With the tremendous popularity of social and business networking sites such as Twitter, Facebook and LinkedIn, employers are increasingly finding that employees are turning to such sites to air grievances about their employer and fellow colleagues. If a disgruntled employee or former employee chooses to post negative material about his or her employer or a colleague online, this has the potential to cause serious damage to the employer’s reputation at the click of a button.
In addition to taking disciplinary action in the case of current employees, employers can take proactive steps to limit the potential for damage and to repair any damage caused to their reputation. It can be surprisingly easy to have defamatory or damaging material removed from the internet by way of a suitably worded demand to the website host. However, at other times employers can come up against sites based outside the jurisdiction that are adept at evading unwanted communication and consider themselves entirely above legal constraint.
- As soon as you become aware of the negative comment, begin to collect evidence as this may be useful in any subsequent disciplinary or legal action.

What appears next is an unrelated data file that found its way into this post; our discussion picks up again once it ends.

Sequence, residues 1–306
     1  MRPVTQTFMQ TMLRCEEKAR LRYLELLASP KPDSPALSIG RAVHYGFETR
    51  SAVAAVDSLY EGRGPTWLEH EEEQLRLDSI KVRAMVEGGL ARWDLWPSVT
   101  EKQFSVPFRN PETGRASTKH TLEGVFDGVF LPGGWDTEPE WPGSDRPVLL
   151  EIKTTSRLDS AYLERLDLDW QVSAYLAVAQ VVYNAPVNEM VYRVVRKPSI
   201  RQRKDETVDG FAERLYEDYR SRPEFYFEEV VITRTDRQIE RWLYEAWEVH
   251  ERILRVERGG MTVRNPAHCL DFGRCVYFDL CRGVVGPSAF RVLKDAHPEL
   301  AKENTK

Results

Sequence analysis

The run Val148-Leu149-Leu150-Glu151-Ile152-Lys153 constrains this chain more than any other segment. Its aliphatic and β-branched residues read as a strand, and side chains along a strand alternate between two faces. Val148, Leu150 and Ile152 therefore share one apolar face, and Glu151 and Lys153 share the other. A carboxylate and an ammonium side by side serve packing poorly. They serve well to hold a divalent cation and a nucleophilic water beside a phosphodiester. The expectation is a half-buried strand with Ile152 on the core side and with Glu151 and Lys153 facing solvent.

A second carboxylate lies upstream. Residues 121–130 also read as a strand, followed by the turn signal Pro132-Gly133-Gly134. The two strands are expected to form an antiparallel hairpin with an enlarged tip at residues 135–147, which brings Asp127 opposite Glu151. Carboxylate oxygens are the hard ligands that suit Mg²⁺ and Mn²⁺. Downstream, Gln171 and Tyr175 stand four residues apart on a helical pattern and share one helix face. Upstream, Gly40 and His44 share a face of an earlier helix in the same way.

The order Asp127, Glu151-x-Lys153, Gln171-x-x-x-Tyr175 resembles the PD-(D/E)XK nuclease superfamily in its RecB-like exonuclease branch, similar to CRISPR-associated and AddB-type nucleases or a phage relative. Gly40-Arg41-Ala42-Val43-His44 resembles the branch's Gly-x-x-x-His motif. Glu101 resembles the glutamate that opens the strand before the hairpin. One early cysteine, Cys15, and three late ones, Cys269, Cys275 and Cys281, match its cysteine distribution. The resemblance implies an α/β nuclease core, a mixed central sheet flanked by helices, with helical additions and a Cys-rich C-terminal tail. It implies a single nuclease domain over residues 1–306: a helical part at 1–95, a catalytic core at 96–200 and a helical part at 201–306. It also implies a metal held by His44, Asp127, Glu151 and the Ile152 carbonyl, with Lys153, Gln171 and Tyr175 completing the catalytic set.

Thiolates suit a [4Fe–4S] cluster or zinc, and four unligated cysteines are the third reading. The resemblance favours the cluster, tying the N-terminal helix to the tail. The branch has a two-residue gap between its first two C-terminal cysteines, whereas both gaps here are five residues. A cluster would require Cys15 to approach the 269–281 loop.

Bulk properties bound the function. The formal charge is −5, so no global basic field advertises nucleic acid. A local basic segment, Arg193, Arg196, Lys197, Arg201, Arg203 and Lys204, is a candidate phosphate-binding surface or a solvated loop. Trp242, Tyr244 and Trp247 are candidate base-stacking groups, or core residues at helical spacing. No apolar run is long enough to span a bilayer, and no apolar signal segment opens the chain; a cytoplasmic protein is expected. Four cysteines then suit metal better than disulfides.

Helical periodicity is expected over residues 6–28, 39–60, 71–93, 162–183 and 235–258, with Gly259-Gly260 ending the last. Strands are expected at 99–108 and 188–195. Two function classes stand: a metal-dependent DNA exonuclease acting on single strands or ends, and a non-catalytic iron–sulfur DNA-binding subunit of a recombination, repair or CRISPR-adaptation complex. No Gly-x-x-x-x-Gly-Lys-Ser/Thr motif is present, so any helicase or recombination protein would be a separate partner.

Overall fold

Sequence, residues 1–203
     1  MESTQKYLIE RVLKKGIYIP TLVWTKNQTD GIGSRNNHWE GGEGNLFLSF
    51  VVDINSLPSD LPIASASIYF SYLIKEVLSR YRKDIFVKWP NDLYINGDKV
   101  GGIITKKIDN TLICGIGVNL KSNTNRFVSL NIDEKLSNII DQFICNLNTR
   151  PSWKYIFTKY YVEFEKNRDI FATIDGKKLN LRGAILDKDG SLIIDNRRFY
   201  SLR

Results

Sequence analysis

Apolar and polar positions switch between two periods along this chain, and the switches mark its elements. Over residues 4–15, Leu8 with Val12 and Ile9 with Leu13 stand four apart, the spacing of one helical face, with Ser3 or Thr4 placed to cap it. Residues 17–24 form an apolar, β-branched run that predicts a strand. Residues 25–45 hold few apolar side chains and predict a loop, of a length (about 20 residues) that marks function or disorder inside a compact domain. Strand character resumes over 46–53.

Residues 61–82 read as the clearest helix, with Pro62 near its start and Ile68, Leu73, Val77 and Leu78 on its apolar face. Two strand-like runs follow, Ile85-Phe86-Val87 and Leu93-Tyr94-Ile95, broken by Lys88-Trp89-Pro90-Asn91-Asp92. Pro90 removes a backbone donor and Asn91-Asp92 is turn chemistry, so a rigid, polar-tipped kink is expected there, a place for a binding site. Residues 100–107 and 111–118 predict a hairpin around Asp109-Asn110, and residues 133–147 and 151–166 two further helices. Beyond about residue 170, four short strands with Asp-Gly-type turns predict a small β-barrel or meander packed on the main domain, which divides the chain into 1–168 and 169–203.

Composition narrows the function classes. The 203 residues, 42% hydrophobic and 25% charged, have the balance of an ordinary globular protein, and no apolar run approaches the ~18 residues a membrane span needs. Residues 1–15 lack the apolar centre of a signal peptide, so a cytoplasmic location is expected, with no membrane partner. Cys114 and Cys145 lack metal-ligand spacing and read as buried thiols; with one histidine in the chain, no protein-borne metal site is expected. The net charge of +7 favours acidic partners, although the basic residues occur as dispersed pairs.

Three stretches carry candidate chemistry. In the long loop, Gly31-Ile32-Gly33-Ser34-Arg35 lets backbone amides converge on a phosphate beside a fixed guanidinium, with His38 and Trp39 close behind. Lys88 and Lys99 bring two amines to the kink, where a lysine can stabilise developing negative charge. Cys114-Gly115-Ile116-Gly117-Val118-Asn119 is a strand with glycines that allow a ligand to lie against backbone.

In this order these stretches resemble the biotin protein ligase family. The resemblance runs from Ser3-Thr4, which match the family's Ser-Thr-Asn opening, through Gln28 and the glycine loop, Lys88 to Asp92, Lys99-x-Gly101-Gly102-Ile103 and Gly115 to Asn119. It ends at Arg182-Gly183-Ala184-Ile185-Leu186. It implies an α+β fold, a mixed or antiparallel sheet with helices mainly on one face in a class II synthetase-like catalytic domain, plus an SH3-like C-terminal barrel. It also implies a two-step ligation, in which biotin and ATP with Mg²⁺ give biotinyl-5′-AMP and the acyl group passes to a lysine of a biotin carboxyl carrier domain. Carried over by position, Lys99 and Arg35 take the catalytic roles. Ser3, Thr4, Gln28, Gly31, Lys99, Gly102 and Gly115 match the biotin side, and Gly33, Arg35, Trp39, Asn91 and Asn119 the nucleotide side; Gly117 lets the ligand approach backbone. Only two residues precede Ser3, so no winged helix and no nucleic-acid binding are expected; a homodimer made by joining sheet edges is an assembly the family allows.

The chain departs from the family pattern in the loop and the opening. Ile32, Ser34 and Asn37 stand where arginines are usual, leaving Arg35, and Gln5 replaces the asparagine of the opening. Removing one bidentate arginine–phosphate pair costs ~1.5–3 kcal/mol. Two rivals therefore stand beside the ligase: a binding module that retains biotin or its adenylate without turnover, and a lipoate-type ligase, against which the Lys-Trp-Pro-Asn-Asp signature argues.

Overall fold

- Be aware that the remedies available to employers differ depending on whether the negative comment is defamatory, a breach of contract or a breach of confidentiality.
- If there has been a disclosure of personal data, investigate whether or not there is a requirement to report the personal data breach.
- Where you are unable to identify the author of the negative comment, contact the social networking site and request further information from which the author can be traced.
- Take steps to remove the comment and consider bringing disciplinary action and/or civil proceedings against the employee.
- Where the comment is defamatory, remember that the employee may be able to justify it and, as a result, successfully defend a civil action.
- Be aware that, if you bring a civil claim of defamation against the social networking site, the site may plead the defence of “innocent dissemination” unless you have previously notified it of the unlawful comment.
- If the offending material relates to one of your competitors, be aware of the remedies available to the competitor and consider making an “offer of amends“.
- Consider each case on its facts, and take into account the costs and time associated with bringing civil proceedings.
- Introduce a policy on the use of social media and social networking sites.
So if you would like further information on how to deal with such incidents or need a Social Media Policy then get it touch…….
Tel: 01626 367595